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Apparently empty for some years this delightful piece of inter-war architecture looks to have been used by a now defunct co-operative called Cave de Vertheuil. The facade is reminiscent of an art deco cinema or garage and one wonders what the locals must have thought of it when it was first built. It appeared to be structurally sound, but not in use? It’s such a crying shame when buildings like this are abandoned and left to fend for themselves. If I were the entrepreneurial type with bags of cash I’d be tempted to buy it and convert it into a swinging jazz age restaurant and wine bar. A beacon of sophisticated 20c modernity in a predominantly rural area. With the existing strong tourist industry there surely must be a market for such a place? Or maybe it’s just me?

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We also saw a lizard lounging in the sun on some steps. So that was good too!

Some post holiday research has revealed further examples of this type of architecture being used by co-ops in the area, and has also unearthed this photo of the building in period before later extensions were added to both sides.



Art For Art’s Sake

So what does your run of the mill Art Deco enthusiast hang on the walls of their humble abode? Vintage travel posters? A Chinese reproduction canvas of a Tamara de Lempicka painting?.. or perhaps a framed and mounted period advertisement featuring a stylized sketch of a dashing couple enjoying a glass of a trendy French liqueur! All have their place, and yes, like many others we too have examples of all of these gracing our home. Sometimes however, none of these options seem to fit the bill. Sometimes you find yourself with a very big blank wall requiring eye candy and no budget to commission a suitable piece. Its on these very dangerous, and thankfully very rare occasions I go rummaging and dig out my beret, easel and £1.99 set of acrylic paints!

The project has been a long time coming. I spotted an image online a couple of years ago while googling The Grosvener School of Modern Art. We’ve got some prints by Cyril Power and i was keen to see more of his work when I stumbled on a random image of some birds in flight. It was by Edward (“Ted”) McKnight Kauffer, “one of Europe’s most prolific and influential advertising poster artists during the twenties and thirties”.MD_KaufferEM_Flight_640

The image hit me in the face with a double whammy of admiration and inspiration. Not only was it strikingly original, extremely clever and utterly beautiful, but it looked to my naive eyes that it could easily be copied by an amateur such as myself. I saved the image, logged it on my mental rainy day ‘to do list’ and got on with life.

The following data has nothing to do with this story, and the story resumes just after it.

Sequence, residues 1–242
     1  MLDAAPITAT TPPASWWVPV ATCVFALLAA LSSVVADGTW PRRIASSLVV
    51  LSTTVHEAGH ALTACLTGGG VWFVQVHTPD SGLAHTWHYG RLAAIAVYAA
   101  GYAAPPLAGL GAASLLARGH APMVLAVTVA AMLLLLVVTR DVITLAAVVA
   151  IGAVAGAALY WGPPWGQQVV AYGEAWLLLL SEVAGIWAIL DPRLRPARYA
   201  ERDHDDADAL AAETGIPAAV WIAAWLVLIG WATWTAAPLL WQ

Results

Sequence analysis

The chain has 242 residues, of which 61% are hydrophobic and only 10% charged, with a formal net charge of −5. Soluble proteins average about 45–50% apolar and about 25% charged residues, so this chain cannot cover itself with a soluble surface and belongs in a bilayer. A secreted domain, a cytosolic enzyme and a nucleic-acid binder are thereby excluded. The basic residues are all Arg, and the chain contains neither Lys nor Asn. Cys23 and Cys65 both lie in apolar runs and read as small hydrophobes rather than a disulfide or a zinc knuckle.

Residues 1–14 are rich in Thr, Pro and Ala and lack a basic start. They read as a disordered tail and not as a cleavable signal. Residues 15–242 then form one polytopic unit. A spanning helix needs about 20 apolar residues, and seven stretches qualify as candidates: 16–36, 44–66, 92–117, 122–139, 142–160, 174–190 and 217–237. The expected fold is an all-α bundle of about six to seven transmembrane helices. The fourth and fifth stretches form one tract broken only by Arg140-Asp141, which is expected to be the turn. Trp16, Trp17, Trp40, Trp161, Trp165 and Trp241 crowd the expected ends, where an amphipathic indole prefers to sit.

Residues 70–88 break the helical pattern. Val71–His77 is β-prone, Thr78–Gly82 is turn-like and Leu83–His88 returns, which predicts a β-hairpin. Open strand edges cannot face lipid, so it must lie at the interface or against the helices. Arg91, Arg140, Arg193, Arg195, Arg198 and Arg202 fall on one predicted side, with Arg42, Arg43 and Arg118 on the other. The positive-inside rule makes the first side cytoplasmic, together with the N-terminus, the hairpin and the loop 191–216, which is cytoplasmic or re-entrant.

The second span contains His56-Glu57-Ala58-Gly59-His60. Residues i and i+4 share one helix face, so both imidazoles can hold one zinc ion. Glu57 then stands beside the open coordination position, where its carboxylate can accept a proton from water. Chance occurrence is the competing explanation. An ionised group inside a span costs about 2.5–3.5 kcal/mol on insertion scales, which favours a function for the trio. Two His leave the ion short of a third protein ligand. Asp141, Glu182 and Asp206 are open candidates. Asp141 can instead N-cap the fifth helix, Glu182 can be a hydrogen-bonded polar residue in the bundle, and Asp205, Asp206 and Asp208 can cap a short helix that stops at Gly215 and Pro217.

Cue the completion of our new kitchen. If you look back through some of my previous blogs you’ll see the  lengthy transformation of a huge derelict room into our dream modernist food prep and eating area. An area that came complete with one big blank wall! I could stand it no longer, a trip to The Works stationary emporium was made, and coins exchanged for the biggest budget canvas that they had kicking around.

Phase one included a long length of wood, a pencil and a jpg. I sketched it by eye, not worrying too much about accuracy. With one eye on the Eurovision song contest (A dreadful guilty pleasure the wife and I always watch!) and one on the canvas I was off. Phase 2 included several rolls of masking tape, hole re-enforcers and some sponge brushes borrowed from my 3 year old. Frankly I underestimated the complicated nature of the intersecting lines and it grew ever more mind numbing trying to work out which bit should be which colour. If it wasn’t for the fear of them showing through I would have turned it into a giant paint-by-numbers!

Each stage required the removal of some tape and application of further strips in different areas. The reveal was always a rewarding and exciting moment. Much like on the silver screen with the tense removal of bandages from a beauty queens face after major surgery. Will she look as foxy as she once did? Will the black have leaked under the 50p masking tape ruining the perfectly straight lines? Yes & yes.. she’s still a honey, but nooooo, I knew I should have invested in proper frog tape!

Nevertheless, after a month or so my opus was complete. Some light touching up was required to  improve bleed, but from a distance its not at all bad. I’ll construct a frame of some kind when I get a chance, but for now the naked canvas hangs in the kitchen, adding some drama to the rather plain walls. And here she is…